Stand back Ocarina, there’s a new Smule in town. Magic Fiddle is its name, and it’s the most fun I’ve had for $2.99 in a long, long time.
When I was downloading Smule’s Magic Fiddle app for my iPad, I was expecting some sort of agility-based mini-game posing as virtual instrument, à la Tap Tap Revenge, or something similar to Guitar Hero. In fact, I’ve heard Magic Fiddle referred to as “a high-brow Guitar Hero,” and even as “Violin Hero,” but these comparisons really aren’t fair at all.
Disclaimer: I’m not a Guitar Hero fan. At all. If you’ve seen the Guitar Hero episode of South Park, I’m Randy Marsh; the guy who can actually play the guitar and doesn’t get what’s so cool about chasing little dots across a simulated fretboard. Though I have played the game on several occasions, I’ve always viewed it as an evolved version of Pong, or more to the point, music for people with no musical talent.
While Magic Fiddle follows similar principles, the virtual violin instrument is downright.. musical! And like a real violin, the virtual instrument isn’t very forgiving either. True to form, the instrument is fretless – there are no frets separating each note from each other along the fretboard, so if your fingers aren’t in the proper place, the notes will be sharp or flat. Also, the sensitivity of the touch screen allows for some pretty amazing vibrato and portamento slide techniques, which is very cool when you’ve mastered it a bit, but very painful (hilariously so) to listen to when you’re first getting started.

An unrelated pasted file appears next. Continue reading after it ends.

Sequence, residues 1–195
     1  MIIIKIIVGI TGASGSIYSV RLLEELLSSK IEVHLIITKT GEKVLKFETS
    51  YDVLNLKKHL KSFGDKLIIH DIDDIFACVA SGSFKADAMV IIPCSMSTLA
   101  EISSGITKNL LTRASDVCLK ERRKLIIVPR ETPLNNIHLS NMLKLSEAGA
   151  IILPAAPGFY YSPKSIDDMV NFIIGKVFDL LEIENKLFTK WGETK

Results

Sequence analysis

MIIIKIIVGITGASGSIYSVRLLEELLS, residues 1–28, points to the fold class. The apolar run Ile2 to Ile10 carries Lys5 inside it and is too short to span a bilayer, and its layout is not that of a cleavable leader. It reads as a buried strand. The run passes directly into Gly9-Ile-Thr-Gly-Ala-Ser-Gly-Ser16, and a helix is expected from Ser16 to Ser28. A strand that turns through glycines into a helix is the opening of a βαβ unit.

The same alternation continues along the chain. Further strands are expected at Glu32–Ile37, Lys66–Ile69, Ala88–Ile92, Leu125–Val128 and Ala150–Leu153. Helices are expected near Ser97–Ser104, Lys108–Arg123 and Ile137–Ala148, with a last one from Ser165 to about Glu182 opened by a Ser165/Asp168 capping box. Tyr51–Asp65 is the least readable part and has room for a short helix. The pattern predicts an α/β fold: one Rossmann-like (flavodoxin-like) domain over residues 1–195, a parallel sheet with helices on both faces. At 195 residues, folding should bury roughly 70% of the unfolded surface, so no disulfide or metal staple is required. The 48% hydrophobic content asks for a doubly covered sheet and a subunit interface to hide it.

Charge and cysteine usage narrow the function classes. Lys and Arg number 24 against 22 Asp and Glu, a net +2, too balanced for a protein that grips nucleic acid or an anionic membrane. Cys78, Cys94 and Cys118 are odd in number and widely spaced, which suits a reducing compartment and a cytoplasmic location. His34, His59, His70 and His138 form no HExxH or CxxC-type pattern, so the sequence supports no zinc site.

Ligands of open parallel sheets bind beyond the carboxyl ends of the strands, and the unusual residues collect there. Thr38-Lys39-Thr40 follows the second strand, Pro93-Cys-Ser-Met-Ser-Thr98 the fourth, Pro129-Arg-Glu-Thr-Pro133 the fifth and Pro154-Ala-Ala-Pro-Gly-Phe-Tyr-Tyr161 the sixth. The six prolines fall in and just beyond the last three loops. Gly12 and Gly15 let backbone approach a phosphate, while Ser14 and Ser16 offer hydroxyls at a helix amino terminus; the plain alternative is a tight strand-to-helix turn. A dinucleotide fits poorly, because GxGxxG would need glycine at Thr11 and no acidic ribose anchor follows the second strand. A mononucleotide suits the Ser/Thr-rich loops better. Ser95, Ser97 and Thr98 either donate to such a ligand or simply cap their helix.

Once you get your left-hand technique down, the app’s tutorials move you on to how to “bow” using your right hand, and all of the nuances available implied by the iPad’s sensitive touchscreen. The nature of the interface gives you far more control over the instrument’s “bowing” than you’d expect.
The instrument requests that you give it a name, and it communicates with you via scrolling text. It will say things like: “Why do I care about scales? Actually, I don’t. Neither did John Cage, but you should.” (Fans of MailChimp’s snarky sense of humor are going to love this app.)
The tutorial process is a hoot. Smule’s developers have a great sense of humor, and the experience of advancing through the four-chapter “Storybook” tutorials is not unlike working with a goofy teacher. There are even scales to learn and a bit of music theory, which isn’t as dry as it sounds. (Though I must admit that when I was practicing my scales the first time around, I looked up from the iPad to find my wife staring at me in utter horror. My initial attempts to coax music out of this app resembled the—imagined—sound of cats being tortured.)
Once you get past the tutorials, the game aspect of the app begins to surface, grading your performance and technique as you cycle through a library of classical and contemporary compositions. The app also offers a free-form “Solo” mode, which allows you to simply practice your musicianship or even compose your own music if you’d like.
As with Guitar Hero, your increasing skill helps you unlock medals, and accrue points, but unlike Guitar Hero, which is largely a speed and dexterity proposition, Smule’s Magic Fiddle is cerebral and stimulates the creative juices. Run to the iPad App Store and get your copy of Magic Fiddle now. More fun than karaoke, more useful than a virtual ocarina. Ask your family to bring their iPads to dinner this holiday season.
I’m very excited to get together with some other iPad owners for a digital chamber quartet jam session. Who’s game?